By guest authors Irina Patterson and Candice Arnold
Irina: Do you have any particular industry focus?
Corey: I know a lot of angel groups are focused, if not on one industry, then maybe on just two or three, because their membership pool is really drawn from those space. In Boston, that’s often the case. The population is so big there, I think, often times the individual groups attract people from certain industries, so you get that specific focus.
It’s not like that in our group. It’s a very diverse group, a very libertarian type of group – I don’t mean politically, I just mean as a metaphor. There is a real diversity of people coming from all different spaces with all different kinds backgrounds and experience, so it’s a huge advantage for us because there aren’t too many spaces that we don’t have some kind of background there. So, we can look at a lot of different fields. RVI’s portfolio is very diverse.
We’ve got a Web 2.0 company where the people who were running it a few years ago were in a dorm, college kids whom my brother was mentoring – he runs a program at the University of Massachusetts Amherst called the Entrepreneurship Initiative where he teaches college students how to become entrepreneurs – and they were just really smart and real go-getters, and he ended up introducing them to some of the members of RVI, and one thing led to another and now they’re doing great.
They just signed a $40 million contract. Their name is Dexrex, and they’re a Web 2.0 company that archives text messages, e-mails, instant messages, and all sorts of different communications like that so that you can go back and data mine and store it. There are all kinds of practical applications for it.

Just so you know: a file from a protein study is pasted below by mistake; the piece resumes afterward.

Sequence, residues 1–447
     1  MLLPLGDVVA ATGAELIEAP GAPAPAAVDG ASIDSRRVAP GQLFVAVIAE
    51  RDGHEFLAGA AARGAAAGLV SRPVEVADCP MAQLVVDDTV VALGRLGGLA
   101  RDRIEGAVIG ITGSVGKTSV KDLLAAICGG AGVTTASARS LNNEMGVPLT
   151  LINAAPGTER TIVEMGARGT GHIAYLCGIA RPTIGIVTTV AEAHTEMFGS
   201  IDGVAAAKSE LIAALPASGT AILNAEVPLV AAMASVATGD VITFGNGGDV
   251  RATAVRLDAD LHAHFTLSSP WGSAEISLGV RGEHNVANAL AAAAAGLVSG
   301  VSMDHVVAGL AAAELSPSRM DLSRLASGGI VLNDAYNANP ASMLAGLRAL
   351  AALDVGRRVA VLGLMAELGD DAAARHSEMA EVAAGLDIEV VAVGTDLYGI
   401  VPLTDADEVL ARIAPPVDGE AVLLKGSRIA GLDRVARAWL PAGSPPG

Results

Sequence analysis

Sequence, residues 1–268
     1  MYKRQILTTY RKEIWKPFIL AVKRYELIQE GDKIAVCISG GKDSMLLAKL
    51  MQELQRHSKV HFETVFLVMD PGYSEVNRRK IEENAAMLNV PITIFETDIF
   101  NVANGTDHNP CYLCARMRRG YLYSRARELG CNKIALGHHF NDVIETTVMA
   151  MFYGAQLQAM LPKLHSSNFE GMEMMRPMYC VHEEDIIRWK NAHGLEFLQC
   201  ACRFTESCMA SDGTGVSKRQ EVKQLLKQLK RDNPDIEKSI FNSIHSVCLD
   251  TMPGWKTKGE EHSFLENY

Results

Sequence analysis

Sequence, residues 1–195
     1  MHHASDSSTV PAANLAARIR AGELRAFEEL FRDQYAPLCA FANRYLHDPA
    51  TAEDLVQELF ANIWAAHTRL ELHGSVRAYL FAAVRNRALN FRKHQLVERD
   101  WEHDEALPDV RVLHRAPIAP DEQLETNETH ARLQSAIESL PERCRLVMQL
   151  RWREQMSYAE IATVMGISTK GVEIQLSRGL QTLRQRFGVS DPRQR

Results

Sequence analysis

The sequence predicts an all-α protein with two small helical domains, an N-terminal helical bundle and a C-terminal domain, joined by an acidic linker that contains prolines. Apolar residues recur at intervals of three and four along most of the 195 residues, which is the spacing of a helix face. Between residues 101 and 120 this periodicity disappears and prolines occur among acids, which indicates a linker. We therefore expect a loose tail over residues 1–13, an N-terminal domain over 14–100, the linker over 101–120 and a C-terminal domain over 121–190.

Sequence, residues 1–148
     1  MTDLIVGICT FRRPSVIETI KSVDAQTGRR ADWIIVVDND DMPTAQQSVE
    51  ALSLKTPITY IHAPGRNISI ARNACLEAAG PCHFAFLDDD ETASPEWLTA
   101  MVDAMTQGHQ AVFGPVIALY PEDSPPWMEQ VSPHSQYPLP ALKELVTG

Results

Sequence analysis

We’ve also got a company that builds these really great cameras that go on military instruments, planes and drones, and spy planes.
Irina: When was RVI network established?
Corey: I believe they were formed in 2002 or 2003, somewhere around there. I’ve been involved since 2006, and I believe my brother started getting involved in 2004.
Irina: And they invest in Massachusetts companies?
Corey: Well, not exclusively. They certainly prefer local deals. Their preference is to invest in companies they can drive to, where they can be hands-on and be able to check out the operations. And it’s certainly that vibe. There are a lot of investors who want to fertilize the local economy, but it’s not a hard and fast rule by any means. You know, we have investments in Virginia, we have investments all over. But they definitely prefer local investments.
Irina: Where do your deals originate?
Corey: Multiple places. One way is that we’re very active with other angel groups in the area and nationwide.
We actually share deal flow on a regular basis with a group in Dallas, we share with a group outside of San Francisco, and we share with tons of New England groups that on a regular basis. We swap quality deal flow: they send us their good deals, we send them ours.
Another avenue is our website, obviously, and people are directed to it because of our involvement in the Angel Capital Association.
So, we get cold applications all the time just coming from the website. We get deals from other groups that we share with, and we get a lot of deals just from the personal networks or our membership.
They are such well connected people, they know so many people in so many different areas, and they start so many businesses themselves that we get a lot of deals referred in by members and their associates. So, we get deals from a variety of sources.
We also go to a lot of conferences where companies present, and if my brother and I see good deals at these conferences, then we refer them in, too.